The movie opens with dizzying shots of endless, identical high-rises and an unseen protagonist declaring “The value of the Chinese individual is measured in square meters.” “Why have they built so many buildings? Are there even people living inside them?,” he asks.

We are first introduced to Wang’s parents, seated on a couch at a fertility clinic. They reminisce about the golden age of the 80s, when they were among the first families to get a television and a washing machine thanks to their job at a factory. When the factory closed due to the policy reforms, the father was laid off. They are now placing all of their hopes and savings into the IVF treatment for their infertile daughter-in-law. Wang seems to be the least troubled and most practical of the three friends and finds success both in his personal and professional life at the end of the movie.

Li who is about to get married, wants to be a construction contractor and is counting on his parents’ money to finance the projects he pitches to his friends Wang and Sui. He tries to uphold the appearances of an up-and-coming entrepreneur with quasi-criminal tendencies, borrowing a BMW, donning temporary tattoos, spending money he doesn’t have and making deals with dubious characters who clearly intimidate him. While he comes off as unlikeable and entitled most of the time, some scenes suggest he is just as insecure and vulnerable as his peers, which makes his ending all the more tragic.

Finally, we have Sui, an idealistic and artistically inclined architect who is frustrated with the soulless style of Chinese cities and unsatisfied in his romantic life. His fiancée Lisa, who seems rather stern and cold, wants to wait to have sex until after marriage and criticizes Sui’s friendship with Li, claiming he is learning “dirty things from him.” The sexually frustrated Sui predictably cheats on her in their bridal bed while she is on a trip to the UK, which ultimately leads to the end of their relationship. She nonetheless supports him when his mother falls ill and is the first to suggest selling their new apartment to fund her treatment.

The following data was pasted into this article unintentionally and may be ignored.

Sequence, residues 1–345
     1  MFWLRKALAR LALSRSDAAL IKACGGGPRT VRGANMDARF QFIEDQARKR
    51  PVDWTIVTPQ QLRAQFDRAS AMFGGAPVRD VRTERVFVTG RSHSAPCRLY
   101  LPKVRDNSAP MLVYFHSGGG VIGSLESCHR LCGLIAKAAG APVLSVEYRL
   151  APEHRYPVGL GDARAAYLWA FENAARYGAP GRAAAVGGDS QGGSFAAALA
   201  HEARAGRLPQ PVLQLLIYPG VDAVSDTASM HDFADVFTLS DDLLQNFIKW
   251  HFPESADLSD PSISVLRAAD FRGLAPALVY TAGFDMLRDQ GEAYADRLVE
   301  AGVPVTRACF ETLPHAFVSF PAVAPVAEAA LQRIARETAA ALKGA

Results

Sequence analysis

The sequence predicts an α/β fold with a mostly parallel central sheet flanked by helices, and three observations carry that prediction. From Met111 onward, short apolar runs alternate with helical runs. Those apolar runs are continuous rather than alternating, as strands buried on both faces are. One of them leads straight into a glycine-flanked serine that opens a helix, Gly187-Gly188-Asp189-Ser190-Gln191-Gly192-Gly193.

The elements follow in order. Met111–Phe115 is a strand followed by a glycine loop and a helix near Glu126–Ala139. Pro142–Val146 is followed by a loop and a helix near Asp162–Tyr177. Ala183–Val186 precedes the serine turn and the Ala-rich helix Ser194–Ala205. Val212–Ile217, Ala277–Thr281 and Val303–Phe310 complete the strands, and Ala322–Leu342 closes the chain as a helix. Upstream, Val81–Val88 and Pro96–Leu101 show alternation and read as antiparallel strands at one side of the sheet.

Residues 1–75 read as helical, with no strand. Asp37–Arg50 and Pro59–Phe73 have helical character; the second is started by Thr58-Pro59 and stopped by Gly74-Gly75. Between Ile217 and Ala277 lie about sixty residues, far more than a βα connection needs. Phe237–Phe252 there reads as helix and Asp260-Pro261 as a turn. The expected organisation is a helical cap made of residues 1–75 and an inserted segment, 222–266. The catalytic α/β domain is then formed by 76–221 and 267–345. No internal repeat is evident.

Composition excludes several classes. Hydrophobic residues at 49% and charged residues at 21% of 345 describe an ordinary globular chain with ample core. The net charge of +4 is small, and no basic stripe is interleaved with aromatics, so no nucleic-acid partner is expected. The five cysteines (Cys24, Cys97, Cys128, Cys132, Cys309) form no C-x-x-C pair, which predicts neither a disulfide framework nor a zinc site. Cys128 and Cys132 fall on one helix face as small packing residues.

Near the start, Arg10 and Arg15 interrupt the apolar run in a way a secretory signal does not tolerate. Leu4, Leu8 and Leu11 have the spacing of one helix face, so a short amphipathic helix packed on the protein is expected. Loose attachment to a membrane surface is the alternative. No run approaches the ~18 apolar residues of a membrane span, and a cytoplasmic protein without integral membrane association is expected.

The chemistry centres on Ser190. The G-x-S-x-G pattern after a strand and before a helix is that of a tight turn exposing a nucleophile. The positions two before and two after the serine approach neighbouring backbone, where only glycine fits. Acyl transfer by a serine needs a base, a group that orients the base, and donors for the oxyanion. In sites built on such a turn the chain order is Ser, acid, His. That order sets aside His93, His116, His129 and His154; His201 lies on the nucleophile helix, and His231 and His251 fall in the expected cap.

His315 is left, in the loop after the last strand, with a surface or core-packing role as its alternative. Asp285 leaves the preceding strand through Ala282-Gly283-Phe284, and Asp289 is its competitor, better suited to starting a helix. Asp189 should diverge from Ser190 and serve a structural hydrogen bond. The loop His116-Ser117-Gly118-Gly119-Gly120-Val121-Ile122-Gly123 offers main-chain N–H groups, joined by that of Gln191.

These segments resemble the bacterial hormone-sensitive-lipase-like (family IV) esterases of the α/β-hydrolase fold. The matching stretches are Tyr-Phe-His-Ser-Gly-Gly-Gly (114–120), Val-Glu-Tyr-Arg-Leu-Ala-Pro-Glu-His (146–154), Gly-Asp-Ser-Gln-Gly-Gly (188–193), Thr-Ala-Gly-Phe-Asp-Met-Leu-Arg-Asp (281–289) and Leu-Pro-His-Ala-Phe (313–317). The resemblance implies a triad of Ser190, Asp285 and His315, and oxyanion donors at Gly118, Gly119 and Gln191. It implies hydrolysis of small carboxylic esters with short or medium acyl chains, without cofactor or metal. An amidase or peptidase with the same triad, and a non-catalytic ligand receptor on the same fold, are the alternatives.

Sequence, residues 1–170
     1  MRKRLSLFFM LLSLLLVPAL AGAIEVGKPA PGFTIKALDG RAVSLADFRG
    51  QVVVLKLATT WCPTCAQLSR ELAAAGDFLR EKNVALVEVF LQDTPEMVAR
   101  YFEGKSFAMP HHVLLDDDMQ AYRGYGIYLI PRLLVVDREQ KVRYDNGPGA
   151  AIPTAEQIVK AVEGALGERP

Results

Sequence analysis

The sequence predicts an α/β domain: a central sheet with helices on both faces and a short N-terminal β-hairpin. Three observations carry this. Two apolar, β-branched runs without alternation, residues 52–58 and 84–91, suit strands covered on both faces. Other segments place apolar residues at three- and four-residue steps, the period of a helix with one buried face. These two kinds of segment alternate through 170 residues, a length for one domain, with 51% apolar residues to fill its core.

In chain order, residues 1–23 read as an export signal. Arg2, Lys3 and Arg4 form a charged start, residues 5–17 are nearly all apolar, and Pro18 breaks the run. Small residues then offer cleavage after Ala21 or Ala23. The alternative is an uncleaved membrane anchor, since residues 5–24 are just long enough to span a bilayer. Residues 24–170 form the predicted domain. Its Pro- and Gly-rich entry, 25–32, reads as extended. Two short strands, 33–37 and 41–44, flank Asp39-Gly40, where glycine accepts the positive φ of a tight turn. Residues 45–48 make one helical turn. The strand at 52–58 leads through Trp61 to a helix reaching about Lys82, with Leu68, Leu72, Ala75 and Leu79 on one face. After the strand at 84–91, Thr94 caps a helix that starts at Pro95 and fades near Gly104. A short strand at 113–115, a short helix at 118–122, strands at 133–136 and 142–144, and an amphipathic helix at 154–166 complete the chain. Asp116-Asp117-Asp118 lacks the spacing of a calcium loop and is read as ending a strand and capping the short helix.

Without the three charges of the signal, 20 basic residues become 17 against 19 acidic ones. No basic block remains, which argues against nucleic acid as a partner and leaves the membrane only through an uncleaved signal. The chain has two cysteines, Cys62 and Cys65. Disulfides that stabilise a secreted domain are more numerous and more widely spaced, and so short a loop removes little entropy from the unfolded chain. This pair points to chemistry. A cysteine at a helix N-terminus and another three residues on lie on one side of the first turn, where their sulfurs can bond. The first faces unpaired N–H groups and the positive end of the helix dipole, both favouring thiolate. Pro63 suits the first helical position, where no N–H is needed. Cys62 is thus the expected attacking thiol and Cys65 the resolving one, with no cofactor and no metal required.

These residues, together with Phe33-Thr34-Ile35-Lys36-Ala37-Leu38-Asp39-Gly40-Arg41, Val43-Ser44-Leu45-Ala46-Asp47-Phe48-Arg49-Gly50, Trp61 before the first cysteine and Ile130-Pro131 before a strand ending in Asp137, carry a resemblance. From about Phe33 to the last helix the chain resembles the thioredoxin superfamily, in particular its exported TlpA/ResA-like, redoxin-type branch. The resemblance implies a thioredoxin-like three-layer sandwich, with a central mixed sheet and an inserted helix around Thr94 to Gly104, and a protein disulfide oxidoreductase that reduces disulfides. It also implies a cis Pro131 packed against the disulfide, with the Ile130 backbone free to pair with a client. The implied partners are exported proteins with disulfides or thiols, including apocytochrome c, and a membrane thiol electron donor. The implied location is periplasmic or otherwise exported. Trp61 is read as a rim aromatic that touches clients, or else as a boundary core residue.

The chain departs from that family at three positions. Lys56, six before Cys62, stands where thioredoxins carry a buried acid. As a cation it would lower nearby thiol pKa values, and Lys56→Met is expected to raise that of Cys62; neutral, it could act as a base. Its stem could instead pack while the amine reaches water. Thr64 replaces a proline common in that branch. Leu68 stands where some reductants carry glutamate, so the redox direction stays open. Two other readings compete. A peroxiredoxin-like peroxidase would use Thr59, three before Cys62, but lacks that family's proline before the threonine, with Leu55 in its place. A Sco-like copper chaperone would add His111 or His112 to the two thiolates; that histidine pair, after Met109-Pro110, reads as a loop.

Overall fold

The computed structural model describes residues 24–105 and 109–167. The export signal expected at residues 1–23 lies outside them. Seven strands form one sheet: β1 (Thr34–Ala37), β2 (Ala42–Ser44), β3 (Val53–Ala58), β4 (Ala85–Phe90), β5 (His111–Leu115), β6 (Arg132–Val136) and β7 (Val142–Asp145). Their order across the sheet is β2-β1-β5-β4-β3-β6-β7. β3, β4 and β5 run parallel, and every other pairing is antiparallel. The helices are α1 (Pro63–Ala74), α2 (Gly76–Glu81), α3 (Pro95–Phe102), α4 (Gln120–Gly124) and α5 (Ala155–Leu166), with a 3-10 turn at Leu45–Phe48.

Sui’s business partnership with Li and Wang comes to a head when they reject his original designs for the new kindergartens, suggesting he use the ones off of “Alibaba,” more suitable for public taste. He angrily removes the pictures of Bill Gates and other famous “self-made” men from their shared office and leaves. When Li dies, Sui drops out of the project, leaving his shares to Wang.

The themes present in the movie are ones that are often encountered in current Chinese cinema.

The one-child policy, introduced during the late 1970s by Deng Xiaoping, was an undemocratic and misguided attempt at combatting Chinese “economic backwardness.” Deng blamed the latter on “overpopulation” rather than the bankruptcy of the Stalinist program of “socialism in one country.”

The failure of this program led the bureaucracy to reintegrate China into the world market on a capitalist basis, a process which began in 1979 and included the opening up for foreign investment, an end to economic planning and the introduction of private enterprises. In 1996, a wave of industrial reforms to close large sections of state-owned industry was carried out, with the goal of causing mass unemployment and ending the lifelong employment system or “iron rice bowl.”

The consequences of these developments are made evident in Great Happiness: the excessive burden placed on the generation born in the 1980s and 1990s, who are expected to support their parents and grandparents in a declining economy; the poisoning of romantic relationships by the enormous gender disparity and familial pressures as well as the poverty of intellectual and cultural life in a society where money is at the centre of everything.

The characters in Wang’s movie are portrayed empathetically, regardless of their choices. Humorous scenes are interspersed, some of which border on silliness but fit with the overall absurd and bewildered tone. The movie also conveys feelings of loneliness and alienation. It has a considerable runtime of 150 minutes, which could be attributed to a genuine interest in grasping and processing the realities the characters and the director’s generation is faced with.

In a greeting to the audience that was read before the showing, Wang Yiao explained that his parents are unsatisfied with his career choice and want him to become an official. He quipped that the prize for “best first feature” he was recently awarded would keep them quiet for maybe three years maximum. We hope that he gets to develop further as a filmmaker and look forward to his next feature.